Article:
ISSN 2940-5181

Suppose We See Ourselves

Suppose We See Ourselves

A list from the album Flowers and Pictures of the Holy Land, Boulos Meo (publisher), Jerusalem (source: The Getty) 

Narrative form is often taken for granted, a set of storytelling rules that go unnoticed and unseen; similarly, colonialism benefits from an internal invisibility that resists observation. This autotheory essay considers the interplay between colonialism and invisibility, and explores how narrative form can act as a cultural intervention. The essay suggests that autoforms—such as autotheory, fictocriticism, autofiction, and autoethnography—expose invisible cultural rules and intrinsically alter the way content is understood. It is especially concerned with how colonialism uses authorship to limit internal observation and critique and suggests that by refiguring the ‘I’ and the ‘we,’ autoforms expose these invisible internal rules. It argues that autoforms actively reconfigure the boundaries around many of the early twenty-first century’s major cultural conversations about representation and appropriation, lived experience and expertise, and public space and private space, as well as notions of identity, othering, consciousness, and embodiment. The paper approaches form not just as narrative structure, but also as a tool, a technique, a strategy, and an intervention that inherently impacts content and changes how the cultural landscape is seen and navigated. Through comparing the yellow soils of southern Australia and Gaza, the grammar of Derrida and Wittgenstein, and the path of water and rivers, the essay explores how the form we use to tell stories is often as important as the content.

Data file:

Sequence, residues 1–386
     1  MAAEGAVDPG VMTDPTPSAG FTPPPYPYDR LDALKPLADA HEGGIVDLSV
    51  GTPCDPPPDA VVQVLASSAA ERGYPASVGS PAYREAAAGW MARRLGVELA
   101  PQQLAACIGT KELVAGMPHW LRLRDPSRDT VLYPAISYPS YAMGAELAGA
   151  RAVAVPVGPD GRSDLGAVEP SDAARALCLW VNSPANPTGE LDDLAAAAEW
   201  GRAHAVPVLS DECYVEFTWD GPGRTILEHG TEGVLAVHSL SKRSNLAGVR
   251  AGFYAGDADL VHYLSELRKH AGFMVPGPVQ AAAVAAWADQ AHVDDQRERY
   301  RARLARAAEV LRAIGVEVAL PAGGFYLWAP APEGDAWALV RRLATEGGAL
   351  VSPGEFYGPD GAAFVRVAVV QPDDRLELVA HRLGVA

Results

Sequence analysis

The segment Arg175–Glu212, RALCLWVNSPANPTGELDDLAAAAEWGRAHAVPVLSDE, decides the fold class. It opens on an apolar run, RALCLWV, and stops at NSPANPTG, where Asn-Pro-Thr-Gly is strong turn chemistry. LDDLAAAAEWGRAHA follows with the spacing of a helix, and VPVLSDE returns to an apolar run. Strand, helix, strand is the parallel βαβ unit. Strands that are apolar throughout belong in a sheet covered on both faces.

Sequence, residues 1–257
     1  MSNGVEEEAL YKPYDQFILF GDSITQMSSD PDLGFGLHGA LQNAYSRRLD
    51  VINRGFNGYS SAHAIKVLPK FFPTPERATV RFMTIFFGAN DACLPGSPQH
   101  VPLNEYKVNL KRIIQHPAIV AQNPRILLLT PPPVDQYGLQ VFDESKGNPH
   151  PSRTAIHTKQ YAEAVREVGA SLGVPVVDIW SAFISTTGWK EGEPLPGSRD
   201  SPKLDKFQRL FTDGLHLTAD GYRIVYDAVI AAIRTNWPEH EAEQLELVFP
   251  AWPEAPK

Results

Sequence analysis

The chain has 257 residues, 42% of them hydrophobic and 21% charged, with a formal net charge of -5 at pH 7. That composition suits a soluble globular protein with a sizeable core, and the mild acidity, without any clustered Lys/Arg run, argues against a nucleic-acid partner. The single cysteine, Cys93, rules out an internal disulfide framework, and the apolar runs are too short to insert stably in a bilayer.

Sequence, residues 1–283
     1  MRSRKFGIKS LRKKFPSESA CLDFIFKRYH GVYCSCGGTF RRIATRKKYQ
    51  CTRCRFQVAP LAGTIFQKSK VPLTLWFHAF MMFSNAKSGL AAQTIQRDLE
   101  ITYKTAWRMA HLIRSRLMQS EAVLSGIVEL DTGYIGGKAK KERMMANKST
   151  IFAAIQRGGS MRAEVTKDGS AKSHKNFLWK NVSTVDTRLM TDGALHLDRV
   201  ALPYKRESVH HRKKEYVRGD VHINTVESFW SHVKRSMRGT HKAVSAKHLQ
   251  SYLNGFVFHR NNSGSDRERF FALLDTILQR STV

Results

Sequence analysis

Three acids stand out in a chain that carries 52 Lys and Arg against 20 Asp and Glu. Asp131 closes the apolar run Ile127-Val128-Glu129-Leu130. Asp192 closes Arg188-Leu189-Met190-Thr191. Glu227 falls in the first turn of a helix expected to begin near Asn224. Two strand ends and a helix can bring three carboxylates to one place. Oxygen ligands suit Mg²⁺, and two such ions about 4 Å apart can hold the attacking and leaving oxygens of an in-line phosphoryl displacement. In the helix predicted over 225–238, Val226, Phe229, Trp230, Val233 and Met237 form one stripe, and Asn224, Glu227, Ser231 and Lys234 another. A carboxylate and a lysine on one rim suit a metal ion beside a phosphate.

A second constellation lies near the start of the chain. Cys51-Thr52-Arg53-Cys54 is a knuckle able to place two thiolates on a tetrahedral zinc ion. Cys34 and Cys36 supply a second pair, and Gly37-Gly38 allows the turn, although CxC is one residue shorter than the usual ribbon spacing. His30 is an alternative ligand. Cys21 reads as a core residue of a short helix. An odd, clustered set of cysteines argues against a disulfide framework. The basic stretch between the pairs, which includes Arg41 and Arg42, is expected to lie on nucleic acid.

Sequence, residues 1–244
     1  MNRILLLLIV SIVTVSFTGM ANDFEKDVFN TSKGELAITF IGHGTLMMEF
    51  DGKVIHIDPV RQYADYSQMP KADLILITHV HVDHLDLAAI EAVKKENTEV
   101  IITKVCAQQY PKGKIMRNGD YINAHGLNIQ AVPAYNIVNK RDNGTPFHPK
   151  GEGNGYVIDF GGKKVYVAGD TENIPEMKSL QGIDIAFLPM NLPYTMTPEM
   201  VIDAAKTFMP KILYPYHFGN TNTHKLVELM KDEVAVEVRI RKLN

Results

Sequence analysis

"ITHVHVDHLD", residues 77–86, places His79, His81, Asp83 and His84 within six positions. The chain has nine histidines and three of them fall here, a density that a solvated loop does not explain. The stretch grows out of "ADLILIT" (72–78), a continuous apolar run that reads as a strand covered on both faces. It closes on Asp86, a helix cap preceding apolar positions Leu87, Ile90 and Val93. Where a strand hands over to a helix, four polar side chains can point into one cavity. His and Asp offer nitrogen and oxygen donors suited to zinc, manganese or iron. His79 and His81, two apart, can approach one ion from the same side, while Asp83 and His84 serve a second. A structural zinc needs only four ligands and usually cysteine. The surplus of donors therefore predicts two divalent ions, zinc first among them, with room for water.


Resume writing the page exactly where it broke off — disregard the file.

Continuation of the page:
Published: 30.03.2024

Publication type: Reflexive essay